Nongpok Sanjenbam village, about 15 km east of Manipur’s capital city Imphal, is clean, with a lot of greenery. Spread over ten acres of land, a weaving unit and a poultry farm provide employment to most of the villagers.
The village in Imphal East district was mired in poverty, lacking basic facilities. Most of the villagers worked as agricultural laborers. Presently it is a model in development, as it ensures sustained economic growth through various programmes, involving the community.
Bringing community together
Nongpok Sanjenbam has about 135 households, with a population of about 500. It has Khunou, Khullen, Sangsabi and Kambongput colonies. As a pilot, Langei project adopted the Khunou colony. Telem Arunkumar (42), a native of Nongpok Sanjenbam village, who had a successful business in Imphal, returned to his village to develop the same. He brought the villagers together and initiated the Langei project, langei meaning pool of wealth. The motto of the project is ‘together we can’.
Initially, many villagers thought that he had an ulterior motive, when he discussed his ideas for developing the village into a sustainable development model. Being a native of the same village subsequently helped him connect with the village administration council and the community. Once convinced, the villagers started participating in the project. The village council donated ten acres of unused community land for the project. The villagers helped the Langei project take off, by helping with all the planning and construction activities.
Around 200 women were at the looms in a huge hall, weaving the phanek, the traditional women’s wear, besides other traditional clothes. The women need no training, as they are skilled traditional weavers, their skills having been passed down through generations. Langlei chose loin loom weaving as the primary income generation activity, as the women are adept at weaving on the loin looms. This not only generates income, but revives the traditional weaving, that was slowly disappearing, with the onslaught of modern technologies in weaving.
Moreover, the products are in good demand. “One phanek fetches around Rs 2,000,” one of the weavers told VillageSquare.in. Dyeing and making yarn have also been integrated into the weaving unit.
Earlier every household had a loin loom but not now. In the Langei unit, there are more than 150 traditional looms. “We make about 40 phaneks everyday,” said Arunkumar. This are sold in and around Manipur, sometimes in other cities as well.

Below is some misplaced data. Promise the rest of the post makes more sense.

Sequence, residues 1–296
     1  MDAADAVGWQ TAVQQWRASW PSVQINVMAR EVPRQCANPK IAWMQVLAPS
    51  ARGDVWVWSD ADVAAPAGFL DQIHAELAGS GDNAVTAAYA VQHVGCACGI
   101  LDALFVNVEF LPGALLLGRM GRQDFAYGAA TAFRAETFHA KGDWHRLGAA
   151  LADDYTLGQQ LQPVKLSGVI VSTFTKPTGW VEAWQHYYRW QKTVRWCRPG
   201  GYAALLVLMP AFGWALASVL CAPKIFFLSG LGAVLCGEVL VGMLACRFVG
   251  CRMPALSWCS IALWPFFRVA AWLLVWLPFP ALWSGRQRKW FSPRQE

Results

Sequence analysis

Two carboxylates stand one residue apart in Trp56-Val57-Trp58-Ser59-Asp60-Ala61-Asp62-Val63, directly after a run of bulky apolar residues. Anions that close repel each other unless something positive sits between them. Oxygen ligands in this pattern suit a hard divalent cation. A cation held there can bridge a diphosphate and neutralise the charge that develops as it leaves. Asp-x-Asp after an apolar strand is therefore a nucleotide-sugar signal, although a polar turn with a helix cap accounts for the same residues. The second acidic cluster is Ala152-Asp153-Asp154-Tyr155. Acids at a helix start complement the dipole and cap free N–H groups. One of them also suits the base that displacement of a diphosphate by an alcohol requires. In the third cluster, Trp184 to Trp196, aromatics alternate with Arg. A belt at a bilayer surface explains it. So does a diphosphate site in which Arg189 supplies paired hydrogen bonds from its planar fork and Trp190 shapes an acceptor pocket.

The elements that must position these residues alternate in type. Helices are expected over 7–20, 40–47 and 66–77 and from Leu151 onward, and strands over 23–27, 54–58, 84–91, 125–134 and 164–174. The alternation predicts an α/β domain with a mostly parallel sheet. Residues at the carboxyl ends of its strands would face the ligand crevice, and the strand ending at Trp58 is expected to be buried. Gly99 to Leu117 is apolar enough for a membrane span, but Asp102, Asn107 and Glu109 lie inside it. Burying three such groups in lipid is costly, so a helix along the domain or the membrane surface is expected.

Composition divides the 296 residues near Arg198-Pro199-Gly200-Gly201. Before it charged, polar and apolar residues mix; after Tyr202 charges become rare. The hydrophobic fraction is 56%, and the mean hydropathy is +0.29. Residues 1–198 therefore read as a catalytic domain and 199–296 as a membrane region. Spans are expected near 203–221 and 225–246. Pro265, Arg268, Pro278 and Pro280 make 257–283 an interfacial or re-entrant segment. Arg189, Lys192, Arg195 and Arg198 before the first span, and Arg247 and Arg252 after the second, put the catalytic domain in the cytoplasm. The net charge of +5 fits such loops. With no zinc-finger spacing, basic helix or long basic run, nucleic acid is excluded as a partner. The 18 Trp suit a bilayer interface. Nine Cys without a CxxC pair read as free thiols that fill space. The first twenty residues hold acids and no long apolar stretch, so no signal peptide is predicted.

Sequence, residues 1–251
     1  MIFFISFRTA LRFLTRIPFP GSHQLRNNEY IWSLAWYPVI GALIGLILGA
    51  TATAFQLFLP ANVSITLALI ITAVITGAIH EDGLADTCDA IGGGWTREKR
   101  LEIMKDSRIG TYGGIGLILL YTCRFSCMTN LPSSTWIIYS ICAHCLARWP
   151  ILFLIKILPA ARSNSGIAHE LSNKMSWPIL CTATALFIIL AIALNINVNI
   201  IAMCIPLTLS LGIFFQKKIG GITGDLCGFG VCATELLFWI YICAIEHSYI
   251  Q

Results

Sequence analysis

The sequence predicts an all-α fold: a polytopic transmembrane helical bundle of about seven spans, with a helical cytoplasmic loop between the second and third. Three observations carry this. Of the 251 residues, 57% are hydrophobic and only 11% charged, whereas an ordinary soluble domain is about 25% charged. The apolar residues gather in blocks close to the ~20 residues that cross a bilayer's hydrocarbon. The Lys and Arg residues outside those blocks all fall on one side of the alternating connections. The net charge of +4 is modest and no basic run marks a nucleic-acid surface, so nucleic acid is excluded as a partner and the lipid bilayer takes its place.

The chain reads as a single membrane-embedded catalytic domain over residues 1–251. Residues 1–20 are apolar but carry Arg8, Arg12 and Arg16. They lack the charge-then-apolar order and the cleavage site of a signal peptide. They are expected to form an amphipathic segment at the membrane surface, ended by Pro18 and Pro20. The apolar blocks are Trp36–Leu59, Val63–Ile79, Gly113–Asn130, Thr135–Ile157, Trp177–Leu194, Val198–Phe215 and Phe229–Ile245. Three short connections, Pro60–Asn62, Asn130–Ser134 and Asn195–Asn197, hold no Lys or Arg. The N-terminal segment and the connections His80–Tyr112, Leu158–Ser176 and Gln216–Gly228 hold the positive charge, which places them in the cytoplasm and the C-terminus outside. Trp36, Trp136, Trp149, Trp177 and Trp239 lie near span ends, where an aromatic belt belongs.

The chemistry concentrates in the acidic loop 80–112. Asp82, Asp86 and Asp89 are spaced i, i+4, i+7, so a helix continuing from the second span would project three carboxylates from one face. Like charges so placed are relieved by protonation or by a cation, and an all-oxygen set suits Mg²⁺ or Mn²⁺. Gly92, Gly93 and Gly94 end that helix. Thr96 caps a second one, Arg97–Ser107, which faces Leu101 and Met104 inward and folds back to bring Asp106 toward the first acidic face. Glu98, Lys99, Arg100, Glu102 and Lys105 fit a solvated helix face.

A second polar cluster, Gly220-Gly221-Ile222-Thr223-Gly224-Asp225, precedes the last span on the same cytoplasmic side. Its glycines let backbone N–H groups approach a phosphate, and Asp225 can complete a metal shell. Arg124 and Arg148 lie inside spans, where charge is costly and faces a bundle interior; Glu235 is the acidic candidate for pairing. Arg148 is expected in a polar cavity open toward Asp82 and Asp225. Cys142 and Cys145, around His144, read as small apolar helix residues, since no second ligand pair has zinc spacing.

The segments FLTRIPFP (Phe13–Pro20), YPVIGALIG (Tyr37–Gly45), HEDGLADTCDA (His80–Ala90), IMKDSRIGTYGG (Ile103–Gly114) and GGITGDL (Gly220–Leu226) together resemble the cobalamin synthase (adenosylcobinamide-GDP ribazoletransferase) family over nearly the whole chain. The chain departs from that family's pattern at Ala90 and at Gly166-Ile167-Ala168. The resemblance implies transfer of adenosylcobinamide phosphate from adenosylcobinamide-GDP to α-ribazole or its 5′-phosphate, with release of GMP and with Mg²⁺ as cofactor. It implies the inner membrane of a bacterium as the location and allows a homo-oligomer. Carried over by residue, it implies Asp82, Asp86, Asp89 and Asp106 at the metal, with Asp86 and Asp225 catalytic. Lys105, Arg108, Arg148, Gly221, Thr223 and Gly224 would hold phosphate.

Rearing poultry and cattle
Close to the weaving unit, at the foothills, there is a large pond with about 5,000 ducks. Close by is a chicken farm, where an equal number of chickens are being reared. The farm has separate hatching units with incubators. Every day, the farm supplies about 1,000 eggs to Imphal, bringing sustained income.
The farm provides employment to about 30 villagers. Though most of the villagers are engaged in the Langei works, the project envisages independent economic activity for the men, specifically livestock rearing.
Water and sanitation
The village did not have drinking water facility. At present, a reverse osmosis plant that can treat 2,000 liters per hour supplies drinking water. The water is supplied to every household free of cost.
If a household needs more water, as in the case of functions and the like, a token amount is charged, to prevent misuse. “This is the first of its kind drinking water supply model in Manipur,” Arunkumar told VillageSquare.in. In line with Swachh Bharat Mission, residents of Nongpok Sanjenbam village take up sanitation and cleanliness drive voluntarily, in addition to waste management. Biodegradable wastebaskets made of cane and bamboo are kept at roadsides and key places. The village is free of open defecation, claimed Arunkumar.
Safety and security
Nongpok Sanjenbam has a solar street light system in the Khunou colony and the lanes of the village. A total of 350 streetlights have been installed, to ensure safety and security. The street lights have a central control system. “In villages, people, especially women, do not venture out in the dark , so this helps in better mobility of the villagers,” said Arunkumar. In order to ensure safety and security, Langei project has installed CCTV cameras in key locations. The village has 32 such CCTVs that monitor the entire village round the clock. This has reduced social ills such as alcoholism, and theft.
Public address system has been installed for communication and information sharing. This is also used for mobilizing the public. A series of loud speakers installed at key locations is connected to the main administrative office. This helps in emergency situations. “When we observe something unusual in the CCTVs, we make a call through the PA system,” said Arunkumar.
Under the Langei project, a Langei Sports Academy has been started. More than 100 youth in the age group of 8-18 years are enrolled in the sports academy, half of them being girls. “The objective is to nurture young talents,” Arunkumar told VillageSquare.in. “All those enrolled in the academy have been adopted by the Sports Authority of India, under their ‘Come and Play program’.” Three of the players from the academy play in the under-19, East Bengal football team.
The village has a large playground for the youth. Every day a bus takes the young sportspersons to Khuman Lampak Sports Stadium in Imphal, so that they can hone their skills under expert guidance. Future plans for the village includes a school, a primary health center, a biogas plant and creation ecotourism centers.
Ninglun Hanghal is a journalist based in Manipur. In arrangement with TheWire.in.
This article was originally published on Village Square. Read the original here.